Saturday, April 25, 2020

Tutorial 3.3: Tiled map editor - Multiple layers

You expect me to explain how it works, and how it can help you? Well I don’t know! Allow me to play with the editor for some minutes first please…

Right. That wasn’t too hard. So Tiled allows to make multiple layers:
·         Tile layer             - like the one we just made
·         Object layer       - put barrels, furniture, rocks, trees, et cetera.
·         Image layer        - Put a single back (or foreground, like clouds rolling over) image

Hey! Seems the hybrid I was talking about earlier on, is still an option! You could draw a complex map(floor), and put walls / solid objects on top. But, I actually wanted to talk more about mixing multiple tile layers.

The last 3 problems in the previous article, were mainly about mixing in shadows, thinner walls, curves, and transitions. The main problem is the almost endless variation. Shadows on grass. Shadows on sand. Shadows on pavement, on snow, on lava, on pig shit, and so on. But what if we just made second “shadow” layer?

Here I made 6 different shadow tiles (forgot 1 case in the picture above, the inner corner). Ignore the green background, that’s just for testing. The thing is, it is half transparent. So when drawing this on a second layer that uses (opacity or multiply) blending with the layer beneath, the shadow will work on any underground. So that’s a pretty deal, only needing 6 shade images.

It doesn’t make Unreal  graphics, but the shadow helps determining what is a wall and what’s not. I mean, those brown blocks could be chocolate pavement as well, right?

The same trick with transparency can also be used for other surfaces. The curvy path for instance. Or a flowerbed. Or “decals” in general. Compare decals to stickers. But instead of “Anarchy!”, it would be a crack, manhole cover, scattered junk, road signs, and so on. Anything to spice up your map, giving it more “random” details. And if you can paste cracks and turds on your grass, you can paste (thinner or non-straight) walls as well. Check this out:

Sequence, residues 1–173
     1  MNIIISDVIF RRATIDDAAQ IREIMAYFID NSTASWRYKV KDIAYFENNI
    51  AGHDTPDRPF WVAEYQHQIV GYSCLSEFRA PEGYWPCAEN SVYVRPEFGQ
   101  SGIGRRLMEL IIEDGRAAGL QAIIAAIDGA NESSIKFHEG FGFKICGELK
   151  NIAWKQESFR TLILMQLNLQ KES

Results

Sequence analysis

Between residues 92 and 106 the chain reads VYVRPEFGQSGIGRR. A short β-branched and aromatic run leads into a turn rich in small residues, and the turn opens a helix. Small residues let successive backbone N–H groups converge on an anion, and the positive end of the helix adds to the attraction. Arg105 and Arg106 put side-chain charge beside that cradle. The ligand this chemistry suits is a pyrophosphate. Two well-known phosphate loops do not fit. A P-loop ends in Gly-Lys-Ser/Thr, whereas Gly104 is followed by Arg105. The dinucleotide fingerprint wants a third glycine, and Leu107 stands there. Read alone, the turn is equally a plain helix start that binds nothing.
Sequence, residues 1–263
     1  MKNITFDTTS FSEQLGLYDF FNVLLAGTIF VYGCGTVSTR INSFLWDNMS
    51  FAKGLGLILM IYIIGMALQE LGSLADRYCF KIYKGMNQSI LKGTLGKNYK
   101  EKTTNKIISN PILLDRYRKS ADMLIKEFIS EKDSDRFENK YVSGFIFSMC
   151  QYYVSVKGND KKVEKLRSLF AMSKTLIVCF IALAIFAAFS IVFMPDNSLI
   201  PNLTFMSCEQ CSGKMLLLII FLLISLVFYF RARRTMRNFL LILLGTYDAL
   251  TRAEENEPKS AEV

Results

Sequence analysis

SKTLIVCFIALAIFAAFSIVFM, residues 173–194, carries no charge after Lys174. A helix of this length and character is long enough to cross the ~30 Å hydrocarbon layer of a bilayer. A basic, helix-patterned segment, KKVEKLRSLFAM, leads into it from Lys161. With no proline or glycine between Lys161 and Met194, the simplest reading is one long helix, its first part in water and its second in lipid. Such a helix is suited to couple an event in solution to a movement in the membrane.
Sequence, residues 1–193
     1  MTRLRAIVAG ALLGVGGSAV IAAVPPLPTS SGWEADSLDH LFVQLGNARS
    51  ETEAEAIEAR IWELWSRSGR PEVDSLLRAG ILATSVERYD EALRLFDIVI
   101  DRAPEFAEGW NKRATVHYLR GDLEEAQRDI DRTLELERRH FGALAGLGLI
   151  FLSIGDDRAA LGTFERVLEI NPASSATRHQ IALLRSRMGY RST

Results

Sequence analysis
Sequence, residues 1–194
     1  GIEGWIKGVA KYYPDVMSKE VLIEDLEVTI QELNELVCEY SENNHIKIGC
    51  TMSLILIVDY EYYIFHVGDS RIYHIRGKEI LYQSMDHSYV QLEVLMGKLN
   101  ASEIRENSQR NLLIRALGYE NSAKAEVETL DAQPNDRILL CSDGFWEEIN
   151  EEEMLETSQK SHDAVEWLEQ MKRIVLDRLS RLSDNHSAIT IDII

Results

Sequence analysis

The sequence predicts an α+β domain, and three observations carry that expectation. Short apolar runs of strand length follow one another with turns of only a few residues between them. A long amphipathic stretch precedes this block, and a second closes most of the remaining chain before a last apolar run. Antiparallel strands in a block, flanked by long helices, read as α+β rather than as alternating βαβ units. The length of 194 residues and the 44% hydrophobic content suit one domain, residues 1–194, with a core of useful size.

Various brush tiles to make a “thin wall” – including their own shadows. Thanks to the use of transparency, it will blend with both grass and pavement in this case, so that saves a bunch of images. And as you can see, this allows more arbitrary shapes as well.

But there is an issue with this green fence. Assuming this bush can block enemies (while throwing them around the room), it should act as a solid collision object. But unlike the big bad brown block we made early on, this bush doesn’t block the entire cell. Only the middle lines. And thinking about billiards again, the diagonal wall should bounce off objects differently due its shape. Well, how to achieve that?

I was positively surprised to learn that Tiled also allows to make a collision shape for each tile. So you are not restricted to simplistic square shaped blockers. Also glad that I gave the LibGDX map component a try. Otherwise we should have been making editors and more advanced features like this, all ourselves. We wanted some quick results, remember?

Didn’t learn about all the Tiled features, just scratching the surface here. But a few more cool things to mention are animated tiles. So you can make water waves, a campfire, boiling lava, smoke, and even ambient effects like smoke or fog. With some creativity, you can get pretty far. Even with a good old "simplistic" 2D engine.


  1. I look forward to seeing what you develop with this.

  2. Me too ;) The longer this virus stays, the better success chances, before real-life (tm) is pulling me back. The actual tutorial is already at chapter 7.x btw, so there is still quite a bit to follow.